ADVANCED HEAT TRANSFER
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Department: Chemical Engineering
Semester: Fall 2001/2002
Place: seminar room
The course provides a more advanced and comprehensive treatment of heat transfer processes than is available at the undergraduate level. The objective is to develop the studentís analytical and computational skills, and his ability to apply basic principles.
This is a survey course that introduces tools for solving heat transfer problems.
The governing equations for steady and transient heat transfer processes are
developed. Emphasis is place on the application of the basic equations to engineering
Two tests (15 % each) and a Final Exam (50%)
Foundations of Heat Transfer
Governing Equations of Convective Heat Transfer
Heat Transfer in Laminar Boundary Layer Flow
Heat Transfer in Laminar Duct Flow
Heat Transfer in Turbulent Boundary Layer Flow
Heat Transfer in Turbulent Duct Flow
Heat Transfer in Porous Media
Bejan, A., Convection Heat Transfer, 2nd
ed., John Wiley & Sons, New York
Burmeister, L.C., Convective Heat Transfer, 2nd ed., John
Wiley & Sons, New York (1993)
Carslaw , H.S., and Jaeger, J.C., Conduction of Heat in Solids, 2nd
ed., Oxford university Press, New York (1959)
Bird, R.B., Stewart, W.E., and Lightfoot, E.N., Transport Phenomena,
John Wiley & Sons, New York (1960)
Nield, D.A. and Bejan, A., Convection in Porous Media, Springer, New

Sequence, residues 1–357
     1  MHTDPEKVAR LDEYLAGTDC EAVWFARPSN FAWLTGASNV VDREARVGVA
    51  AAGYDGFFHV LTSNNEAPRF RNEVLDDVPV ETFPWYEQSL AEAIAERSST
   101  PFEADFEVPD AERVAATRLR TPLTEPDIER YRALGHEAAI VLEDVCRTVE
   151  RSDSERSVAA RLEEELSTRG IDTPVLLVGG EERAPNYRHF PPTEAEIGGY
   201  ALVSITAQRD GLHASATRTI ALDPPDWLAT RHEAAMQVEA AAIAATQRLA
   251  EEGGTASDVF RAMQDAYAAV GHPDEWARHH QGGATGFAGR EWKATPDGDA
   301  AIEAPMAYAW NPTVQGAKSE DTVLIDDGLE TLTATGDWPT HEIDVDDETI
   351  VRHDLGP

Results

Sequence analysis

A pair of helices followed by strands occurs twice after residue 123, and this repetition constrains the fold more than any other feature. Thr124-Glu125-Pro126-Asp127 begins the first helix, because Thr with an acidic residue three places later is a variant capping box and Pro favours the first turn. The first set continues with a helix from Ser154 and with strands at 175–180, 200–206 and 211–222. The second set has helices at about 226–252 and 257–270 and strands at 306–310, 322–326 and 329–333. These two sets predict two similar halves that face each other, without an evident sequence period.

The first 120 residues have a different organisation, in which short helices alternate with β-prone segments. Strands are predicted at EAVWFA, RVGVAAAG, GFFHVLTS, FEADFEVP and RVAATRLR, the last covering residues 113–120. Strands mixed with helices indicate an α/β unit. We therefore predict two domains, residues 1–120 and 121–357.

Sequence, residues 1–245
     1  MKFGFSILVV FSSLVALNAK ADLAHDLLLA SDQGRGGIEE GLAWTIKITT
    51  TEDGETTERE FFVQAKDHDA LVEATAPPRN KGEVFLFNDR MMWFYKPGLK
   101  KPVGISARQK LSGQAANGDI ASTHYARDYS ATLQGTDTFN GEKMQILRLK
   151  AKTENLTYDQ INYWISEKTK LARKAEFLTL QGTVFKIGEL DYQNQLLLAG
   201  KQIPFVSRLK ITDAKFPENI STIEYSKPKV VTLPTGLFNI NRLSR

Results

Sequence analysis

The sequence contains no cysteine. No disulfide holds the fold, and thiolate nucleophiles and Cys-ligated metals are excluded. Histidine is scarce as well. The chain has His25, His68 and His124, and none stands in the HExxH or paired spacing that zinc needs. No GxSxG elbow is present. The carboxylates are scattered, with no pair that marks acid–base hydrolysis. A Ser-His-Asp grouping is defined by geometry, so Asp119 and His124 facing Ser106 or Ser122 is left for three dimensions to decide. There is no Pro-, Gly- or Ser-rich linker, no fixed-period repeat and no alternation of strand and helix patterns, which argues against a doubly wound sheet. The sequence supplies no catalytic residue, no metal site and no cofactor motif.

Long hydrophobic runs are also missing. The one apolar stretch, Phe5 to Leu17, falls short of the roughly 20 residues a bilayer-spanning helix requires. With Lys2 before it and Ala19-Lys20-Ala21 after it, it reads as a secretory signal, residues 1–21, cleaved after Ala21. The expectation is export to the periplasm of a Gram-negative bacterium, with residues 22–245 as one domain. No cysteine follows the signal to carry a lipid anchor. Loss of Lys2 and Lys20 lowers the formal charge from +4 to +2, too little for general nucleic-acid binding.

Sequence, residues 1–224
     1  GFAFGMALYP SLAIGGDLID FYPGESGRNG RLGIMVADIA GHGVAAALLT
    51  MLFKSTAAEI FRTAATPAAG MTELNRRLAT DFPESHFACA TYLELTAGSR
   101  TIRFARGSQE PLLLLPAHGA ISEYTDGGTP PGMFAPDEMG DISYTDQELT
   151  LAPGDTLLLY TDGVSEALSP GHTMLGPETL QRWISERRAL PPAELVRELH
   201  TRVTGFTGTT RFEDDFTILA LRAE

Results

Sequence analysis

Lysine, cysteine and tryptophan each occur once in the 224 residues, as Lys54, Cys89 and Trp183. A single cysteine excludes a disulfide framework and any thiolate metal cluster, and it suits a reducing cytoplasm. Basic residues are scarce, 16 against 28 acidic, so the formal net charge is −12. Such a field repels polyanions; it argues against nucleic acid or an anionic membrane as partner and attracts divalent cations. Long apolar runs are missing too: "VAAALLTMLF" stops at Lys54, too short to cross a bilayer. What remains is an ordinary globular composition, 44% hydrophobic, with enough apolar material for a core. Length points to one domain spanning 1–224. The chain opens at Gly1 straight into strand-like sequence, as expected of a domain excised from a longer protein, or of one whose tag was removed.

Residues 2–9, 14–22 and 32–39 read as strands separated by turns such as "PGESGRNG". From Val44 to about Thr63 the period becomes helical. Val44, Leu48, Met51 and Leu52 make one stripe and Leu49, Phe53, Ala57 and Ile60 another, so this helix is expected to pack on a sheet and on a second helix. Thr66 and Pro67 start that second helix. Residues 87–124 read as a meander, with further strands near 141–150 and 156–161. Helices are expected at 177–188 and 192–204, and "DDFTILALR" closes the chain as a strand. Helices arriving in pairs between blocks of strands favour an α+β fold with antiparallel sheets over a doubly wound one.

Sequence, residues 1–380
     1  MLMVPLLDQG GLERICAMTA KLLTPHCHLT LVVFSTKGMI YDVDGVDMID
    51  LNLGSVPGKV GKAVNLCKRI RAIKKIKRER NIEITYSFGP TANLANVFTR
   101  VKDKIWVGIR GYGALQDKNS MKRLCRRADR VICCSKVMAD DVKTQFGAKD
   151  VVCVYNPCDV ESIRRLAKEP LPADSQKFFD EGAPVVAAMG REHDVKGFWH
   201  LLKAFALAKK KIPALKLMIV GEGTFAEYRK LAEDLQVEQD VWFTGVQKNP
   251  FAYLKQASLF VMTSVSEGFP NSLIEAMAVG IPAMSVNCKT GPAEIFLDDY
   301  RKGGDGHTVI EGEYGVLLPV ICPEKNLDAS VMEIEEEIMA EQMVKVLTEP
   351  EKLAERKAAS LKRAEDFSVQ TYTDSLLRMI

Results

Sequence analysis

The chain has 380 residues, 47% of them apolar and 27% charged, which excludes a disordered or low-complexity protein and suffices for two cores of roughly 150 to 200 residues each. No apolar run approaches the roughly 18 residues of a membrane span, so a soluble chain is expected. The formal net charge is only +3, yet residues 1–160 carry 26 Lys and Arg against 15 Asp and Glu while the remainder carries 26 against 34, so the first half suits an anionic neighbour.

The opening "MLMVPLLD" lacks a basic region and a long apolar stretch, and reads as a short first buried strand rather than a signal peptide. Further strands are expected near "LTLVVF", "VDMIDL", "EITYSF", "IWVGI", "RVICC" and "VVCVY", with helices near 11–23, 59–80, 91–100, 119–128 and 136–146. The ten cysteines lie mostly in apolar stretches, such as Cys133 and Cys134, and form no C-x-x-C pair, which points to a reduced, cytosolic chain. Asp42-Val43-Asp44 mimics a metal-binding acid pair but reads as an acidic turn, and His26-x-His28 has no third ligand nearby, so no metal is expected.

Do the reading corresponding to a particular period before the scheduled
lecture for that period.
Homework problems are assigned during lecture and usually due one week
later. Late homework will not be accepted.
Try to solve the problems independently. The assigned problems will be
collected, graded, and returned to you in lecture.
The exams will be given on the dates announced by the
Classroom attendance is expected except in cases of illness, emergencies
or other excusable circumstances. You will be held responsible for any material
that is discussed in lecture, whether treated in the text or not.
of heat transfer problems: methodology:
is commonly accepted that there exists a preferred approach to problem solving.
In contrast to randomly addressing various aspects of a problem, a systematic
procedure involving a prescribed format is advocated. This procedure must be
used in problem solutions (both homework and exams). It consists of the
KNOWN: After carefully reading the problem, state briefly and concisely
FIND: State briefly and concisely what must be found.
SCHEMATIC: Draw a schematic of the physical system to be considered,
ASSUMPTIONS: List all simplifying assumptions that you feel to be
pertinent to the problem.
PROPERTIES: Compile material property values needed for subsequent
calculations and identify the table from which they are obtained.
ANALYSIS: Begin your analysis of the problem. Apply appropriate
conservation laws and introduce rate equations as needed. Develop the analysis
as completely as possible before substituting numerical values. Perform the
calculations needed to obtain the desired results.
COMMENTS: Where appropriate, discuss the results. Such a discussion may
include a summary of key conclusions, an inference of trends, and a critique of
the original assumptions.
The importance of following steps 1 through 4 should not be underestimated. These steps provide the opportunity to systematically think about a problem before effecting its solution. It is emphasized that the methodology is intended to be a guide to thinking and not a substitute for thinking.
Heat Transfer Links